Rice: One explanation involves cognitive dissonance. Our brain finds it hard to believe that two opposite propositions are both true. When we are faced with information that contradicts something we believe in, our brain “solves the problem” by providing a rationalization that eliminates the conflict. For example, while most of us know that smoking is dangerous to our health, we might rationalize it by saying, “I only smoke when I’m out with friends, so it’s not like I’m a REAL smoker.” Thus, we might believe that superstitions, in general, are not true, but we might also believe that *that* specific ritual is meaningful and important. We tend to view our own actions and beliefs as different from the larger category of things that are wrong, dangerous, unhealthy, etc.
UKNow: We often see fans ‘living by’ superstitions during games. Why do superstitions lend themselves to fan bases and sporting events?
Rice: Given that superstitions are – to some extent – about hoping for an outcome that doesn’t match our own human abilities, it makes sense that they’re part of fan culture. When we watch basketball, we can’t make the shots ourselves from the stands, but we may feel like we can “help” by performing a ritual that (we hope) will bring about this supernatural effect.
UKNow: Do superstitions give the impression of having control over an outcome? If so, is this a healthy or unhealthy behavior?
Rice: A strong superstitious belief concerns a feeling of control over the outcome of a situation. While I wouldn’t necessarily call it unhealthy behavior, there are times when we mistakenly believe that our situations are a matter of pure luck – both good and bad. If I run a marathon and end up with a terrible performance, I might attribute it to “bad luck.” Maybe I forgot to wear my lucky socks, or I wore unlucky colors. But the truth probably has more to do with my preparation and training (or lack thereof). When we start to think more in terms of luck than personal responsibility, superstitions can hold us back.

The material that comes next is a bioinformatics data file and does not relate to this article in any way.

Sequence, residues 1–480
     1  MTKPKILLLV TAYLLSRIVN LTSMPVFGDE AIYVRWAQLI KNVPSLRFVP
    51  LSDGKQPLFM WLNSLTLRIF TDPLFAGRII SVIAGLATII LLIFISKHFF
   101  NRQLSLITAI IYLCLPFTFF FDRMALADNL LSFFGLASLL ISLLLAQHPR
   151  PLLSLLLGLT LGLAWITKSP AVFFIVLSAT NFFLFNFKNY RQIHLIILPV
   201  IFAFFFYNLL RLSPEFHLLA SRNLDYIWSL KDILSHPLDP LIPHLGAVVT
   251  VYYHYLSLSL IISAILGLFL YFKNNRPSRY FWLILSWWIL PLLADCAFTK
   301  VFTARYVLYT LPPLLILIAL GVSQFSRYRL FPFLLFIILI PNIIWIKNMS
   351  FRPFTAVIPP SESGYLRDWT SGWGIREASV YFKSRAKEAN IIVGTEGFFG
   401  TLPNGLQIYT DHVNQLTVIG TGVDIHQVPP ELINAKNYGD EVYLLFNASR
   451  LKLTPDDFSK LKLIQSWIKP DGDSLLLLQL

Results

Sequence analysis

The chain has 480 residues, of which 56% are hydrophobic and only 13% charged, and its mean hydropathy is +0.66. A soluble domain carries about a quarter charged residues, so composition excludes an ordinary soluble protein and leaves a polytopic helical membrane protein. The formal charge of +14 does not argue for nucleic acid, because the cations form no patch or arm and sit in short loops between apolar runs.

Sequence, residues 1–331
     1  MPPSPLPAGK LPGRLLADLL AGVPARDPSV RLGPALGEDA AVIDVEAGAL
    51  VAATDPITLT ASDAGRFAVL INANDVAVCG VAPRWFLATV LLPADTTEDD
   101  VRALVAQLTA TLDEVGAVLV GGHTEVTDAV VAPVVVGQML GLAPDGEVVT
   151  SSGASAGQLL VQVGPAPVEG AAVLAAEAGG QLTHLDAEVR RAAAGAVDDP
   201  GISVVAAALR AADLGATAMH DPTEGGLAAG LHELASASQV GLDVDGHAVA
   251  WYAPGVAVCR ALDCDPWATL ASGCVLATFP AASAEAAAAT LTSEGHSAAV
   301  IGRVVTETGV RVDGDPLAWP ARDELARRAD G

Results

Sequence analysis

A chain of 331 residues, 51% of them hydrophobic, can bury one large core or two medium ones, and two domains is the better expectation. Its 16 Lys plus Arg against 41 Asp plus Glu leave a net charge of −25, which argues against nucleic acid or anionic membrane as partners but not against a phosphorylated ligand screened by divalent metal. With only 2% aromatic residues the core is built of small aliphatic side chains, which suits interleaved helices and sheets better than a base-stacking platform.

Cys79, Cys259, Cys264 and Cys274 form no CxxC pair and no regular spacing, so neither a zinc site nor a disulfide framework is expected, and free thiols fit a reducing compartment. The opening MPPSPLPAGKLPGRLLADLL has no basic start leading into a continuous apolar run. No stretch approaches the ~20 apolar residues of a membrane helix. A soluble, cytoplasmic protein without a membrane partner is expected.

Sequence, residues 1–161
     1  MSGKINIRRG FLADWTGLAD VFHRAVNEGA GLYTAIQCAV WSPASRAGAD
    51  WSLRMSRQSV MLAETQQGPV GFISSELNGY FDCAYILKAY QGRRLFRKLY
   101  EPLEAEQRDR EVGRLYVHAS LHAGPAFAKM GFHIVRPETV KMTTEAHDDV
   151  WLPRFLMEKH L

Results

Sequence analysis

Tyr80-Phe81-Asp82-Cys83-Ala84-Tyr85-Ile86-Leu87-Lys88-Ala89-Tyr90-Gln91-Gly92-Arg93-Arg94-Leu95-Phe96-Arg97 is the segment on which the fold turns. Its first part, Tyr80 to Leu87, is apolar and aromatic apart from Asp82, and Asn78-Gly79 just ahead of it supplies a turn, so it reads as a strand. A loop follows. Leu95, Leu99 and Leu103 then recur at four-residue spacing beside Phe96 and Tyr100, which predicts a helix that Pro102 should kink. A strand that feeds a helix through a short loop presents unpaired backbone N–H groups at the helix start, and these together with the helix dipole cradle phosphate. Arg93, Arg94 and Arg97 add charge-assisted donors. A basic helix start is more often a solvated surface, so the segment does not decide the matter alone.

UKNow: Even when our superstitions fail us, why do we still act on them?
Rice: We might not even necessarily be able to see that our superstitions have failed. If I believe my Wildcats lucky shirt still means a UK win, then I might explain a loss by some other reasoning. Maybe I wore the jersey, but I blame the fact that I washed it between games as the reason.
UKNow: It is said that the more fans identify with their team, the more they cling to superstitions. Is it true? And why is that?
Rice: Being a fan is nice because it’s a form of participation. We talk about “our team” in a way that makes us feel part of the team itself. The rituals and superstitions around the games are yet another way of feeling like we are “physically” participating as part of the team.
On another note, fan superstition rituals are also a form of sociality. They link us to “our” team and even to other fans. It’s one of the reasons we keep saying “Blessings” after someone sneezes, even though we no longer believe (as people once did) that blessing someone protects someone. soul of the sneezer. Magical belief is long gone, but we perpetuate it for the bonding effects it has even with complete strangers.